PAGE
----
As we mentioned in a recent blog, the NHS is working on Sustainability and Transformation Plans. These have ambitious aims of improving everyone’s health, improving the quality of services and stopping the cost of healthcare from going up. So local health leaders (and some local government leaders) have been getting together to make a plan. Our local area is North Central London, and covers Barnet Enfield Haringey and Islington as well as Camden. The Camden part of the plan is the Local Care Strategy.
One of the curious aspects of the plans is that local leaders are required to involve their local populations in planning but were not allowed to share the plans with the local population until NHS England had approved them. So planning has been going on for months, with no real input from local citizens. Camden has a long tradition of involving people in planning services, and recently the council leader, Sarah Hayward, took the decision to publish the Sustainability and Transformation Plan or STP.
So we now have two hastily arranged public meetings run by the council asking people about the plan, and a board meeting in public held by the CCG where people can talk about the plan, and still no clear strategy to involve local people in actually shaping what the overall plan contains. This is not the way that an inclusive, accountable NHS should work. The five local Healthwatch in the North Central London (NCL) area have agreed a statement of principle urging STP leaders to ensure meaningful consultation and engagement.
It is good that Camden CCG has involved people in discussing the Local Care Strategy. It’s good that the council has published a summary of the STP, and is asking local people to give a view. But it is worrying that the different local partners in health and wellbeing are not working jointly on such an important area of work. It is hard to know where and how to have a say, and whether your voice will be listened to. For engagement to be meaningful, it has to be a core part of the decision making process. There needs to be a clear mechanism for ensuring that views and ideas captured from engagement activity are raised and responded to at the top level. Otherwise, it is a token exercise to placate people, not a genuine attempt to involve them in planning.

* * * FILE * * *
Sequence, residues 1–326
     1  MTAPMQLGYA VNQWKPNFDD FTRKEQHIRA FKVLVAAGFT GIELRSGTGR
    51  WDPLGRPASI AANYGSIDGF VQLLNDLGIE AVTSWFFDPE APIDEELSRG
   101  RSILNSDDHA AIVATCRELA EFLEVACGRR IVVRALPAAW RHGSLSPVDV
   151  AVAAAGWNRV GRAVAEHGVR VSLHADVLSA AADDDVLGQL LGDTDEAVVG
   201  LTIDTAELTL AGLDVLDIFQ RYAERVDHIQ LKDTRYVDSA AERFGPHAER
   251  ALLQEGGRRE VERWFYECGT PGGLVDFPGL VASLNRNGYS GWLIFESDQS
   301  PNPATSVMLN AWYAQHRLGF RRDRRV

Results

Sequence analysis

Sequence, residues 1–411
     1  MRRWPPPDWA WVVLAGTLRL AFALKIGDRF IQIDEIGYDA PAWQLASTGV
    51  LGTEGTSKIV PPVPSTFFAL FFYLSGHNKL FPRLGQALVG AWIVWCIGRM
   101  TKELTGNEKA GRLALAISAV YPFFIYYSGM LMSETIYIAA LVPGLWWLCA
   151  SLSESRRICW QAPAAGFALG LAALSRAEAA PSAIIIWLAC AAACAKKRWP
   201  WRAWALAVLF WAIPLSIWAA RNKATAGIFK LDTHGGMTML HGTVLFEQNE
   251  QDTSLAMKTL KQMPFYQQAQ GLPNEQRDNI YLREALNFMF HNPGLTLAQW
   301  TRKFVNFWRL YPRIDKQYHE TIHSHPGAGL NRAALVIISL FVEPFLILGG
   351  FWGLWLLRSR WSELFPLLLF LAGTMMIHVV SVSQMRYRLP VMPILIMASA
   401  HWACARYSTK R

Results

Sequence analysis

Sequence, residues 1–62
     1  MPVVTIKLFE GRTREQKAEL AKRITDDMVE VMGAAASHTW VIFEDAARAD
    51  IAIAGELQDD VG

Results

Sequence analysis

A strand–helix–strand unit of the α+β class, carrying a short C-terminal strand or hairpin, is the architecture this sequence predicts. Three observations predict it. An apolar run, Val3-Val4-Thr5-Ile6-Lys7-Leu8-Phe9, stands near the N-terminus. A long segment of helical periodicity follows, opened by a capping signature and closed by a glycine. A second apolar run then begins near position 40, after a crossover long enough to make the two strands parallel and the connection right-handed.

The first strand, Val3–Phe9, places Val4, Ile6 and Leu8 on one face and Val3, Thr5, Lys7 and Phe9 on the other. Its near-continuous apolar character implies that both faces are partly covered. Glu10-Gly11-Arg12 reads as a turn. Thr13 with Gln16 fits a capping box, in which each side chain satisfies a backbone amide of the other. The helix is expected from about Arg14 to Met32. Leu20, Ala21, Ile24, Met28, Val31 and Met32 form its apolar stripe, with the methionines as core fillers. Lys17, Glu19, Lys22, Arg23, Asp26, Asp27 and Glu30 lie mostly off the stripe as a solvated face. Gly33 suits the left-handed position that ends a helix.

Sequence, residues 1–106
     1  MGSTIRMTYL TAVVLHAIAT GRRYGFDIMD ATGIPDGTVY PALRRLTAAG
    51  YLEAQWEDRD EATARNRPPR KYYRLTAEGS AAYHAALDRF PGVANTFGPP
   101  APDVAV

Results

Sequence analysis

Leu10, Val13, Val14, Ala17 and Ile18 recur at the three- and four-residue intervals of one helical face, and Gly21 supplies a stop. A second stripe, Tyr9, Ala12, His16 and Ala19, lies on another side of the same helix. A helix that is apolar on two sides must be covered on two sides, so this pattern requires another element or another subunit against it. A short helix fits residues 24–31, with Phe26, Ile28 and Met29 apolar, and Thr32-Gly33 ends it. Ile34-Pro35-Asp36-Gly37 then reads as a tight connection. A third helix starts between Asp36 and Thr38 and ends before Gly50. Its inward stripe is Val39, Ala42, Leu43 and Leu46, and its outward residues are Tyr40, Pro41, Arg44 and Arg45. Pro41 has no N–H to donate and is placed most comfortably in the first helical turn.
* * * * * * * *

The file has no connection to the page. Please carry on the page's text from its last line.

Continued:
There is some cause for optimism. The STP is divided into a number of service areas, each with its own programme of work. These include work on mental health and work on urgent and emergency care. There are some clear plans for involving people in these two areas. The local Healthwatch organisations are supporting the programmes to set up mechanisms for engaging people, and we will hold them to account for how they engage people. Each local Healthwatch is taking responsibility for working on a particular aspect. In Healthwatch Camden we are working on the Urgent and Emergency Care Programme of the STP. Our colleagues in Voluntary Action Camden are organising a meeting where local VCS groups can find out more about the STP.
We want to see a holistic approach, spanning health and social care, bringing a way that people can contribute to plans on whatever area of the STP interests them. We want an approach that lets people know how their views are making a difference. We want plans that local people can trust – because local people have shaped them.